Moral/political philosopher John Rawls is best known for his work on "justice" in the 1970s -- work I introduce in my "Philosophically Speaking" class and occasionally in my "Mission Possible: Global Issues, Leadership Choices" class -- but Rawls spent the last 20 years of his career considering the problems inherent in a democracy. This article from Philosophy Now (UK) provides a quick summary of Rawls's insightful (and prescient) 1993 work, Political Liberalism, which focuses on the democratically necessary ingredient of "reasonableness":
"Political Liberalism starts with the observation that the cultural environment of modern democracies contains diverse religious and philosophically-based moral doctrines. Rawls argues that this diversity is not surprising, since the protection of personal freedom that democratic societies promote naturally leads over time to increasing diversity in what he calls ‘the background culture’, that is, civil society – the space where we cultivate our personal ideals and goals. Highlighting that the background culture of modern democracies is marked by diversity is nothing new or particularly illuminating. Most of us only have to look around to see that. What is new, which Rawls appreciated with incredible insight, is that this mounting diversity introduces a particular justificatory problem for democracy. The problem can be stated as follows: if the beliefs that we hold are conflicting and irreconcilable, which of them can be used to justify the democratic system itself? Put differently, if I am not willing to endorse a political system based on your beliefs, and you are not willing to accept one based on mine, then how are we going to set any common rules to help us live together? ...
"As Rawls defines the term, an idea or person counts as politically reasonable if they exhibit two main characteristics: 1) They have to respect the principle of democratic justification – meaning that they have to propose terms of social cooperation that others might also endorse; and 2) They have to recognize what Rawls calls ‘the burdens of judgment’ – the fact that other citizens can arrive at different beliefs in their honest search for truth. Putting these two elements together, we can say that a politically reasonable person is one who offers reciprocal terms of cooperation, refraining from using political power to favor their own worldview or repress the views of other reasonable people. ...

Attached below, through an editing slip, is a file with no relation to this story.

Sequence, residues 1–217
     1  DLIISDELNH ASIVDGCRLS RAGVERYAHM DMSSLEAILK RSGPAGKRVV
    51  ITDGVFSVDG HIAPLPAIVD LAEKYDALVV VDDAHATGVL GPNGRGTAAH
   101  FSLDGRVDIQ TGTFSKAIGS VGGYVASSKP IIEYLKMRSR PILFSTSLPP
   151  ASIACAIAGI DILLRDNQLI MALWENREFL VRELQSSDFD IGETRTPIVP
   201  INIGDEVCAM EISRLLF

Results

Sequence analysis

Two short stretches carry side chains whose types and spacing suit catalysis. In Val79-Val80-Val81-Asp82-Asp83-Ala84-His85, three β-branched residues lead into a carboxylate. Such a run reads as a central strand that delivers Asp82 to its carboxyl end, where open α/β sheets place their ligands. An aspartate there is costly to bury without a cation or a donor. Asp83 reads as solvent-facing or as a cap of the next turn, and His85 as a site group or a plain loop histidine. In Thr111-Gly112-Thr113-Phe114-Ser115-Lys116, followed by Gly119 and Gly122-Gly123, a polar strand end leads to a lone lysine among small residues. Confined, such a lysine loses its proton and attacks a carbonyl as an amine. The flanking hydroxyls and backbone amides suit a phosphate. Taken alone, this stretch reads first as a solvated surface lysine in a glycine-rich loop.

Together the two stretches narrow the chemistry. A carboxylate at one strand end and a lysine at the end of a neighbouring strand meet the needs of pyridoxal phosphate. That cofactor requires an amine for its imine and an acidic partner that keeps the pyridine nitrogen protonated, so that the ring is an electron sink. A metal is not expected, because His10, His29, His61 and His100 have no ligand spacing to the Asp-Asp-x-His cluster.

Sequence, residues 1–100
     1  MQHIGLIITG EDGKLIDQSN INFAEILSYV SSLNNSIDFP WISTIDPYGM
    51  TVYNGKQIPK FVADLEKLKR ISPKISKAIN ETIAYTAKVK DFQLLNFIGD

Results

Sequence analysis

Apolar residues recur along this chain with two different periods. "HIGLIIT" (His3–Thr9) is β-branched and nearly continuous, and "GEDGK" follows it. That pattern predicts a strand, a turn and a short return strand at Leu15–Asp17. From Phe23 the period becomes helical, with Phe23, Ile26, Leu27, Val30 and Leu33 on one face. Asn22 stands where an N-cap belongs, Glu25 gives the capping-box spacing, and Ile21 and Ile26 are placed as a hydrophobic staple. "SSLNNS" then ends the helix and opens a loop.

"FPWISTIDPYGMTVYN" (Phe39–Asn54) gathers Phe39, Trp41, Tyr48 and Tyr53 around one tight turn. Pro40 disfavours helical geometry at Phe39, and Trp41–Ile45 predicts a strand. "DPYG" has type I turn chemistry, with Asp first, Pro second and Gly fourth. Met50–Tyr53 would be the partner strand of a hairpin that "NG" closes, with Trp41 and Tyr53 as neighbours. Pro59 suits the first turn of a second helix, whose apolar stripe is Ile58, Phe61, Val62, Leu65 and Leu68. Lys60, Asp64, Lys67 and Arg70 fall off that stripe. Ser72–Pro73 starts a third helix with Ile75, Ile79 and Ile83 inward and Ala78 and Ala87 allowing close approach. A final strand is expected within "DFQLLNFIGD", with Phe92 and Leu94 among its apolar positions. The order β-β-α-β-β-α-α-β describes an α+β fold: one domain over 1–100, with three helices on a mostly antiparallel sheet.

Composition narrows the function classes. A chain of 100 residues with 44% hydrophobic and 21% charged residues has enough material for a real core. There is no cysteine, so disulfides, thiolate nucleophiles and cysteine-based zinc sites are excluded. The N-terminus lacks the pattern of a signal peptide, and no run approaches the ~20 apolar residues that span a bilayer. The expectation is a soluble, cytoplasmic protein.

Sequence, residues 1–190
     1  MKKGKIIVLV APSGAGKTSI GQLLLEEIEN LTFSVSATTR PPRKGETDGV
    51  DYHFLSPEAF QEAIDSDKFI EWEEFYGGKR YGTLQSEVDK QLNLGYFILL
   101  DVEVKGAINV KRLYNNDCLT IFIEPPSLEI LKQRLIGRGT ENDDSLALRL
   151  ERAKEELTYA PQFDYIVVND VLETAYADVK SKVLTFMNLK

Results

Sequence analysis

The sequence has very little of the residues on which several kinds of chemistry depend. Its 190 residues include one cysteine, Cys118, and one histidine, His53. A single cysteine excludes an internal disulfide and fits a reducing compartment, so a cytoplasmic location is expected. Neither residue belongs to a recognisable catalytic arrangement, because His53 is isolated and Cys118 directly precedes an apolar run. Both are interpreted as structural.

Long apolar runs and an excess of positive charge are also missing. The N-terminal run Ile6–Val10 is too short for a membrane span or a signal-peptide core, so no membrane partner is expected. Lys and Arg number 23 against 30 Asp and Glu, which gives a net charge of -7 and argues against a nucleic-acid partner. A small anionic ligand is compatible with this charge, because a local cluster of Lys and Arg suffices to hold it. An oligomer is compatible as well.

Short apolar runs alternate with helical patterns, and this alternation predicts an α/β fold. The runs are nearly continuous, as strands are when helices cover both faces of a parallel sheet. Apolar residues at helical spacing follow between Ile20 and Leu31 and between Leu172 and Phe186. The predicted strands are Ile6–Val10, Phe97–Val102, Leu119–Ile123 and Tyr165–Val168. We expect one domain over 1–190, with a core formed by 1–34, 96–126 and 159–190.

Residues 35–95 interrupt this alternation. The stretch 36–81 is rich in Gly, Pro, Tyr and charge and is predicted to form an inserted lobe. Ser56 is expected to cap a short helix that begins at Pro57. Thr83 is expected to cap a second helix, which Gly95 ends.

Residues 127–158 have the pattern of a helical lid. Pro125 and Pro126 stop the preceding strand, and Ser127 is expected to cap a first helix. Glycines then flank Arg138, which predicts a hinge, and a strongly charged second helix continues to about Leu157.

"If you and I and others fundamentally disagree in our beliefs, but if we all uphold the requirements of reasonableness – if we respect the need for democratic justification and accept that people will forever have different fundamental beliefs – then there will be enough overlap amongst us to facilitate consensus at a political level. The fact that our thinking is reasonable is what ties us all together despite our fundamental disagreements. Exactly how each religious or secular tradition justifies to itself the need to respect the virtue of reasonableness is not political liberalism’s concern. What matters is that they do so somehow. For a democracy to be stable in the midst of irreconcilable diversity, the doctrines of its citizens need to be reasonable. ...
"Unreasonable citizens reject the idea that their obligations as citizens take precedence over their beliefs. ... Rawls recognized that if citizens fail to uphold reasonableness, the whole edifice of liberal democracy would be in peril. ... There is nothing political liberalism can say to those looking to elevate their own version of morality into the political sphere, other than flagging up the fact that they’re being politically unreasonable. ... Since we have little to say to unreasonable actors other than pointing out their lack of reasonableness – which is unlikely to make them lose much sleep – then the only thing left for political liberalism is 'the practical task of containing them – like war and disease – so that they do not overturn political justice'. By drawing the limits of what can be tolerated as reasonableness, political liberalism licenses the state to eradicate uncooperative fundamentalism within it like a disease."
But, as with all diseases, success in curing the body politic depends on catching the problem in time -- and agreeing to the cure.
Leave a Reply.
Blog sharing news about geography, philosophy, world affairs, and outside-the-box learning
This blog also appears on Facebook: